MLB Rumors: Chicago Cubs' Interest In Michael Bourn Makes Little Sense

By Randy Holt
Daniel Shirey-US PRESSWIRE

Through all of the news and reports of Friday’s non-tender deadline, the Chicago Cubs managed to sneak one rather large rumor under the radar. They are interested in Michael Bourn.

Now the fact that a club is interested in Michael Bourn shouldn’t come as a surprise to anyone. With B.J. Upton officially off the market, Bourn is the best center field option available, whether through free agency or trade. But for the Cubs, it makes a little less sense.

The Cubs have made it clear that they’re throwing 2013 in the toilet. The strategy for this winter is the same as it was this time last year. They’re looking at cheap guys on short-term deals that they can spin at the trade deadline for some younger pieces. We’ve already seen them do it twice with Scott Baker and Scott Feldman.

However, Bourn isn’t that type of player. He’s going to command a long-term contract and a salary worth nine figures. The teams that are looking at him, for the most part, are contenders. They see Bourn as the final piece of their puzzle and are willing to pay handsomely to add him.

That isn’t the case with the Cubs. Yes, they have a vacancy in center field. Brett Jackson is likely headed back to Triple A, and we might not see him up with the Cubs again. But we’re talking about guys like Coco Crisp or Andres Torres joining the Cubs. Not a high-profile player like Bourn.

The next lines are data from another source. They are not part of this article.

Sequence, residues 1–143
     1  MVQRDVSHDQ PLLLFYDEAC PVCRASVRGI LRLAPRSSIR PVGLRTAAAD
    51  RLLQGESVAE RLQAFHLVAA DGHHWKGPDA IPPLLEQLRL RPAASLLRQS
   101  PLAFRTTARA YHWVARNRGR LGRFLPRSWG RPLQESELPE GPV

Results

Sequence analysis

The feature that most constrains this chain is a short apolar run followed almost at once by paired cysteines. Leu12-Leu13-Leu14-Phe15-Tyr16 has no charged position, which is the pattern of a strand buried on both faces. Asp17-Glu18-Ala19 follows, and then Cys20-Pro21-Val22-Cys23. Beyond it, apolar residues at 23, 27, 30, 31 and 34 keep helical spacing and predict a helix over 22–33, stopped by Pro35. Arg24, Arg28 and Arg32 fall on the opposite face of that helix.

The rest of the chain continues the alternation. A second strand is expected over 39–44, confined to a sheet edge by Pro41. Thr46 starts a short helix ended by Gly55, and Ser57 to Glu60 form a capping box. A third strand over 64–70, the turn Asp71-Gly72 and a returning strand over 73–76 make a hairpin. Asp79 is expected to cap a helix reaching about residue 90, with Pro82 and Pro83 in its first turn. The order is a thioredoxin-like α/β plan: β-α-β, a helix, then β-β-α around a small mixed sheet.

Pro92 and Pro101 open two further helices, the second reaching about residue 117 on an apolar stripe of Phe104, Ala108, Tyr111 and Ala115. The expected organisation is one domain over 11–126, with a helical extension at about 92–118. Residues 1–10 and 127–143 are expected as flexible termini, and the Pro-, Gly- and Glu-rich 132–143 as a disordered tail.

I’m not saying one way or the other about Bourn. He’s a terrific player. He has a solid glove out there and is one of the fastest players in baseball. Something here doesn’t add up. Especially when you calculate that Bourn will be at least 32 by the time the Cubs are actual championship contenders.

Are we reading too much into this? Absolutely. The fact that the Cubs are interested in Bourn means that they recognize he’s a talented player and could just be checking in on what his true asking price is. And while there’s an obvious fit, it’s not in line with the way the front office has been operating. It just doesn’t make sense.

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